Eight weeks have passed since the last time Dilly and Steve and I have been to a CCI puppy class. Where has the time gone? (Oh yeah. I remember. We’ve ALL been kenneled.)
Steve and I have been doing our best to continue training Dilly during this challenging interlude. We’ve been walking him more than we normally do, and Steve takes him out for a separate training session most afternoons. Still, we’ve keenly missed the human interaction with our fellow puppy-raisers (and instructor). Without the twice-monthly reminders of what we should be working on, I suspect we may have lost some of our training edge. So with some trepidation, I signed up for Dilly and me to participate in an online Basic class that we attended yesterday.
Organized by one of the local puppy-raisers, it cost $10 to take part in the session (unlike our normal classes, for which we never pay). It was taught by a contract trainer named Chelsea Calabria. A few minutes before 5:30, I logged in and joined a group that included Chelsea and six other puppy-raisers (plus me but not Steve; he was working on dinner).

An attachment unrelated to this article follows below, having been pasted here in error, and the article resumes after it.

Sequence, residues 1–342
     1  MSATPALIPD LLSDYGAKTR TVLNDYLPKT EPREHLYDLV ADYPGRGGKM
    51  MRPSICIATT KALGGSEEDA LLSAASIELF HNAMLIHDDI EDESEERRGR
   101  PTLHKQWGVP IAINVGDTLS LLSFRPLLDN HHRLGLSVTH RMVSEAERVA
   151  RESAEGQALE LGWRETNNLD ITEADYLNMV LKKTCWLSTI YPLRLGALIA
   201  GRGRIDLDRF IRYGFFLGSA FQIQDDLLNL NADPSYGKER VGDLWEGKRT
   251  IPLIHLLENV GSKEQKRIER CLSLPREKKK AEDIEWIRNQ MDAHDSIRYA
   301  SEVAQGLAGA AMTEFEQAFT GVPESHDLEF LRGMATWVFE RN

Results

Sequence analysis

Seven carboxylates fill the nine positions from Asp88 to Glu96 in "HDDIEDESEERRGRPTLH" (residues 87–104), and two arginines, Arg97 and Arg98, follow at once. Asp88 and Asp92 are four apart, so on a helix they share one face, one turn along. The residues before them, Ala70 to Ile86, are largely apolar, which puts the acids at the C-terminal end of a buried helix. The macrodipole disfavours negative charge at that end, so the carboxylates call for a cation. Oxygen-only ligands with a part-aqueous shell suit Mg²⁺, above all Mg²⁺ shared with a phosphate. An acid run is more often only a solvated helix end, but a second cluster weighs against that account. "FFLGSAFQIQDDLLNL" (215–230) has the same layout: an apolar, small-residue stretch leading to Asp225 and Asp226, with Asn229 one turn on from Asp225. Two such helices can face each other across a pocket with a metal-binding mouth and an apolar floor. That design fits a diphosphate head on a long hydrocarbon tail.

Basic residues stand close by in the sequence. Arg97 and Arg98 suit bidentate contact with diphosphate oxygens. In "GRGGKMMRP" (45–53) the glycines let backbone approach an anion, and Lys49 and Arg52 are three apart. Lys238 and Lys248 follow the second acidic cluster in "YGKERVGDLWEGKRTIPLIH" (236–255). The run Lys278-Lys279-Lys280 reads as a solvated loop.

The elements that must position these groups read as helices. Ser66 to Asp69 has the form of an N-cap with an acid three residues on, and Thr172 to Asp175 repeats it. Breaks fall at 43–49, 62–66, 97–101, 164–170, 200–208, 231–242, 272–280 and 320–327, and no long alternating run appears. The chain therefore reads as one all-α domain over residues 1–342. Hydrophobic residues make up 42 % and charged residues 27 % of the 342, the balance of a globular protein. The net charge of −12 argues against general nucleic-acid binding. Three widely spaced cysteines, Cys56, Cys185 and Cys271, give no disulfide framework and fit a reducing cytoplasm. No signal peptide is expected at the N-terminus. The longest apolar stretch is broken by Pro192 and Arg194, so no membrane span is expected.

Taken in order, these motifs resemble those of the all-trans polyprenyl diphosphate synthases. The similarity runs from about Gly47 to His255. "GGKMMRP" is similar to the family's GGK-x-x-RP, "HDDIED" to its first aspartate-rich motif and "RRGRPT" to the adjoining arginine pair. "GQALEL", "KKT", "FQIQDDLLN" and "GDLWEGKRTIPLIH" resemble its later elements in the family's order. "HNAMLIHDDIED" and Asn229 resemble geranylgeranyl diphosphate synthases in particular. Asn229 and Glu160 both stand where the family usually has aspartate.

Earlier Chelsea had sent out an agenda, and we followed it closely. We took turns with each puppy-raiser having her dog walk over an unfamiliar surface (that Chelsea had asked us in advance to have available.) For Dilly, I used a large piece of cardboard, and it surprised me to see him shy away from it at first. But after a try or two, he was padding over it competently and sitting on it to receive a treat.
Later, we each practiced having our dogs walk past kibble scattered on the floor to get to their beds, then we put in some time showing off (and getting tips for improving) our prowess with the Heel command. Chelsea finished off with some advice for us to practice using the Under command during some meals, just as we would if we could go out to a restaurant. Which of course no one can do at the moment.
For me, this was all nowhere near as much fun as a flesh-and-blood puppy class. There’s a bloodless (if virus-less) quality to doing these exercises in front of a computer screen, an inability to comment and get quick subtle feedback from several people at once. At the same time, going over the material did make me think about things I hadn’t considered in some time. So it certainly didn’t feel like a waste of time.
From Dilly’s perspective, I’m sure it was way more boring still. The images on my computer screen may have looked like dogs to me but not him. They certainly didn’t smell like dogs or offer what some folks think is the most valuable part of the real-life classes — practice at ignoring all the fascinating distractions.
Still he got to work on things he hasn’t done in a while. Not a bad use of a sleepy hour at the end of an all-too-quiet afternoon.